D&R Canal State Park
Host Agency Info:
Name: Delaware and Raritan Canal State Park, Bulls Island Recreational AreaAddress: 2185 Daniel Bray Highway, Stockton NJ
Supervisor Name: Stephanie Fox
E-mail of supervisor: firstname.lastname@example.org
Nature of Host Agency (circle): Government
Project Description:Riparian Restoration at Bulls Island Recreational Area, Phase 1
PROJECT START DATE: JULY 2010 - The Bull’s Island Recreation Area of the D&R Canal State Park is defined by the river on one side and the canal on the other. The 79-acre island is subdivided into three areas, two of which are devoted to office and maintenance buildings, parking, bridges, and campsites. The third is a forested 34-acre state designated Natural Area, which occupies the southern end of the island. This natural area is well documented by NJ Audubon and others as a hot spot for spring migrants, particularly warblers, and a valuable nesting site. The pedestrian bridge at the site provides nesting sites for swallows, including the rare rough-winged swallow, and these birds plus migrating waterfowl are a draw for avid birders. Bird populations have been declining, however, and habitat degradation from invasive non-native species incursion is a major contributor to this decline. Flood scouring has opened much of the northern end of the river side of the island to possible alien plant invasion, making this site especially promising for proactive riparian restoration and erosion control.
The proposed riparian restoration project will restore approximately 5 acres of upland and palustrine forested and scrub/shrub habitat by controlling invasive Japanese knotweed (Polygonum cuspidatum) and Japanese hops (Humulus japonicus) and planting native trees and shrubs. The project is located at Bulls Island Recreational Area in Hunterdon County, New Jersey on the Delaware River. The park, like many areas along the Delaware River, is being colonized by Japanese knotweed and other invasive species. Currently there is at least 5 acres in different patches that are monocultures of Japanese knotweed and Japanese hops. In order to control these invasives, two herbicide treatments with a glyphosate-based herbicide are recommended in the fall of subsequent years. Herbicide treatment is recommended to obtain initial control of invasives. Mowing or cutting may be required in mid-July reduce vegetative height to make herbicide application more effective.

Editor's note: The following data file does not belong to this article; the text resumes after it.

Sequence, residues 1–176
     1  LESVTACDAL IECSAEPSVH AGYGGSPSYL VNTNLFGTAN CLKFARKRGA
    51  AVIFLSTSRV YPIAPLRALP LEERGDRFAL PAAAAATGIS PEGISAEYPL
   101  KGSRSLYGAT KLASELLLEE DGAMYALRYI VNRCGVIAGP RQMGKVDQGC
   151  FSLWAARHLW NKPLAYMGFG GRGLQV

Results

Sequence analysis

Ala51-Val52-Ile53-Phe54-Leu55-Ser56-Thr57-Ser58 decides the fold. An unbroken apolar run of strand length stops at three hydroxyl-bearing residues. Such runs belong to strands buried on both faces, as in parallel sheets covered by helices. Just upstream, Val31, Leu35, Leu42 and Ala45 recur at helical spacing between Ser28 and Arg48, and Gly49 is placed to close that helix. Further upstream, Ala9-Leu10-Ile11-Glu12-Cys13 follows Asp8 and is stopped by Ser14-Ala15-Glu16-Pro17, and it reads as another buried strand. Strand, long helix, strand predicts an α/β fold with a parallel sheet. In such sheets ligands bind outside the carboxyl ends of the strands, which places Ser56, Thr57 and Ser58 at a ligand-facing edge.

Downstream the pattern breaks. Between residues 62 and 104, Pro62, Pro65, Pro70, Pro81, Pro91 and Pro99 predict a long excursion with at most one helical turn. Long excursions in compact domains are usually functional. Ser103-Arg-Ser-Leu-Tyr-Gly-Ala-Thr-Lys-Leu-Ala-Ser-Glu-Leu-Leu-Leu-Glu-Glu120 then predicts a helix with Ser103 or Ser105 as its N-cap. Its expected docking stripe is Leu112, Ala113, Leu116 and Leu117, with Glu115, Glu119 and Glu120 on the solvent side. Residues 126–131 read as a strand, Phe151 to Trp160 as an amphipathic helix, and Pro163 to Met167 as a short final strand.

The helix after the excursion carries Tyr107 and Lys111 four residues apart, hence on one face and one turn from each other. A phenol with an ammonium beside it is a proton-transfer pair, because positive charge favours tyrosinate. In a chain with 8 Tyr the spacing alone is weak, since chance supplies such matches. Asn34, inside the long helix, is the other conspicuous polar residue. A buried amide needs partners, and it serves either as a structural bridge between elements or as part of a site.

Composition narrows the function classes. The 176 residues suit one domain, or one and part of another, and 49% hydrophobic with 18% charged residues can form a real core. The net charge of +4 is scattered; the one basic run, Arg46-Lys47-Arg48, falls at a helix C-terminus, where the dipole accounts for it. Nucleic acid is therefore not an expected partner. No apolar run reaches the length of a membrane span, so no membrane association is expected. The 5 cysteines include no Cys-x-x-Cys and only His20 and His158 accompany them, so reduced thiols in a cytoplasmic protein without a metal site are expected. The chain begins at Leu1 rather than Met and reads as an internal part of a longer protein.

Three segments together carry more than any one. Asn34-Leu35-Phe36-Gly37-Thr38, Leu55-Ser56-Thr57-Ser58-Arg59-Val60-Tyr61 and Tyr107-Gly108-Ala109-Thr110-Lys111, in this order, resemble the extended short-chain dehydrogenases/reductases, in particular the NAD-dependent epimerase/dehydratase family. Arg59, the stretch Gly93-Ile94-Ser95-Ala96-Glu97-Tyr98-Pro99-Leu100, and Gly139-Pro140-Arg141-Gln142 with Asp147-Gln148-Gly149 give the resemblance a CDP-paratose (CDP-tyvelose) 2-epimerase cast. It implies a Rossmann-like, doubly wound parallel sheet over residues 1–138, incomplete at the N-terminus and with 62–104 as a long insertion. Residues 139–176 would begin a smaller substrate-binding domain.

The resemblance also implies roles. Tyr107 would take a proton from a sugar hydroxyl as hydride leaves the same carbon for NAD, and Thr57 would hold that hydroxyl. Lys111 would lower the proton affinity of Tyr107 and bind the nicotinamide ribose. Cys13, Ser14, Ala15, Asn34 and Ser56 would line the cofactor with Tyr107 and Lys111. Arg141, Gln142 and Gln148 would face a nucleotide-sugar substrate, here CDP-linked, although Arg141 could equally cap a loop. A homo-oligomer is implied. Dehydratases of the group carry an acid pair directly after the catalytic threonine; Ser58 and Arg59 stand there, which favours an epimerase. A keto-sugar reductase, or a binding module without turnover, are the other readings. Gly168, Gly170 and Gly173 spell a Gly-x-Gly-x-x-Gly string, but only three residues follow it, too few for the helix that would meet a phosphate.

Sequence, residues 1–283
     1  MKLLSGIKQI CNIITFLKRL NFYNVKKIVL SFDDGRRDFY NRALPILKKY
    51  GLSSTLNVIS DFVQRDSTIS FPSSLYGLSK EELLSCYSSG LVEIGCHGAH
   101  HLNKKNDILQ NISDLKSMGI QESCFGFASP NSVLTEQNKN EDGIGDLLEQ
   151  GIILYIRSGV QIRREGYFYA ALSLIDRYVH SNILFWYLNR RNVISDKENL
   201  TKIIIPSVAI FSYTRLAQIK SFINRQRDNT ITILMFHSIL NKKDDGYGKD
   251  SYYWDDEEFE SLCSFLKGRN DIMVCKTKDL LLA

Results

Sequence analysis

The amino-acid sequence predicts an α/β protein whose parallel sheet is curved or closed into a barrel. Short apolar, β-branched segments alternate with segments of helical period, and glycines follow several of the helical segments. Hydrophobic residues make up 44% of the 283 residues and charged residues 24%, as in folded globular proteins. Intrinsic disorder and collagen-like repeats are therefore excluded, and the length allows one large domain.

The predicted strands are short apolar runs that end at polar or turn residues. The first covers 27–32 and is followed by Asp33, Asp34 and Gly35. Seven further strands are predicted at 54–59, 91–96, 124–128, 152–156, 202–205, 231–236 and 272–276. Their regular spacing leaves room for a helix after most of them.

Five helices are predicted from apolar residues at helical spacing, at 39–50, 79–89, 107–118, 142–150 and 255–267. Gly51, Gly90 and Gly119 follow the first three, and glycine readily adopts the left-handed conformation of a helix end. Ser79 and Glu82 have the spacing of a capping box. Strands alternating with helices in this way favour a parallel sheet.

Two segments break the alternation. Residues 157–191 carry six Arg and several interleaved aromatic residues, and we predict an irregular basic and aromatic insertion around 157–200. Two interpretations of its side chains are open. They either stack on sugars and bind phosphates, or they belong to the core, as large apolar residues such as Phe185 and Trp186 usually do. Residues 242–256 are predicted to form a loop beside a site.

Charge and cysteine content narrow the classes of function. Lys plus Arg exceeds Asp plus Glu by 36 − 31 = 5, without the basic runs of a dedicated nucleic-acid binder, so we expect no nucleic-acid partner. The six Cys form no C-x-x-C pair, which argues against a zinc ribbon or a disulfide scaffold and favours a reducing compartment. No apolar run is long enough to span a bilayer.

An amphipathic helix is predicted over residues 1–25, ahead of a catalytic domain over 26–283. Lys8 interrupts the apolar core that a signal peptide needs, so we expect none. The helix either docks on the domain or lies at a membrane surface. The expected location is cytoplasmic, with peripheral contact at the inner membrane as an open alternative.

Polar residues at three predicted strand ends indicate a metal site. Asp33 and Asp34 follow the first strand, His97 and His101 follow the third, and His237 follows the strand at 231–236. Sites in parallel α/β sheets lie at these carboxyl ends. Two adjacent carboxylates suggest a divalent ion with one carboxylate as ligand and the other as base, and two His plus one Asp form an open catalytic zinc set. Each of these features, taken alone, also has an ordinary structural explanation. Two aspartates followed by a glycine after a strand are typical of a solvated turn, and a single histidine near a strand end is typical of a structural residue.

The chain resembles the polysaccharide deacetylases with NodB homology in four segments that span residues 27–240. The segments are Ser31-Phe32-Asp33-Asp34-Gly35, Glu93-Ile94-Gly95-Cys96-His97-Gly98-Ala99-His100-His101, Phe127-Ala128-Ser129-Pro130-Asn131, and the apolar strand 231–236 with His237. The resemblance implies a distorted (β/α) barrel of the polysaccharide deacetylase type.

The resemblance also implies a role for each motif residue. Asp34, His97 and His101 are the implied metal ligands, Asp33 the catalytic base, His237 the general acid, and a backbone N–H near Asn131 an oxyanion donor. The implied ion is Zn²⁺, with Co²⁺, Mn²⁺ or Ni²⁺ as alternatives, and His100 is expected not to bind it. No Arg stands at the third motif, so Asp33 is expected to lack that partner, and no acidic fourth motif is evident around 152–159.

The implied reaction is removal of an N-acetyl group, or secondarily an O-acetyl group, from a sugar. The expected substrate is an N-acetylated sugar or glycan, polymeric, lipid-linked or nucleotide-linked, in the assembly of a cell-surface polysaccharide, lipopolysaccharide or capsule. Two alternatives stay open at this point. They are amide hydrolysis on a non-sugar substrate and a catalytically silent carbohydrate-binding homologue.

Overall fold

In the spring of the third year, trees and shrubs will be planted in the project sites to provide competition with the invasives. The riparian buffer would be planted with native species possibly including dogwood (Cornus spp.), river birch (Betula nigra), willow (Salix spp.), pin oak (Quercus palustris), arrowwood viburnum (Viburnum dentatum), winterberry (Ilex verticillata), serviceberry (Amelanchier spp.), red chokeberry (Pyrus arbutifolia), and buttonbush (Cephalanthus occidentalis). Some spot treatment may be required in subsequent years to ensure that the invasives do not reinvade the project area.
In addition a scoured area along the Delaware River will also receive treatment for invasive species (as indicated above), but will be planted at year one to control erosion and quickly revegetate this area previously impacted by floodwaters. Possible trees/shrubs include sycamore (Platanus occidentalis) and red-osier dogwood (Cornus sericea).
We would be interested hosting a volunteer to help with this project. The volunteer’s duties would include removal of the Japanese Knotweed within the Bulls Island Natural Area in mid-July. The volunteer would also be charged with the planting and follow up maintenance of native flora along the scoured shoreline of the Delaware River.
Nature of anticipated impact : Environmental
The volunteers work will be evaluated by the park naturalist. Evaluation will be based on completion of removal of knotweed and proper planting of native species.
Learning Objectives in plan:
Learned objectives will include the effects of invasive species on native forest landscapes, techniques on removal of invasive species and how to restore the forest with regionally native flora species.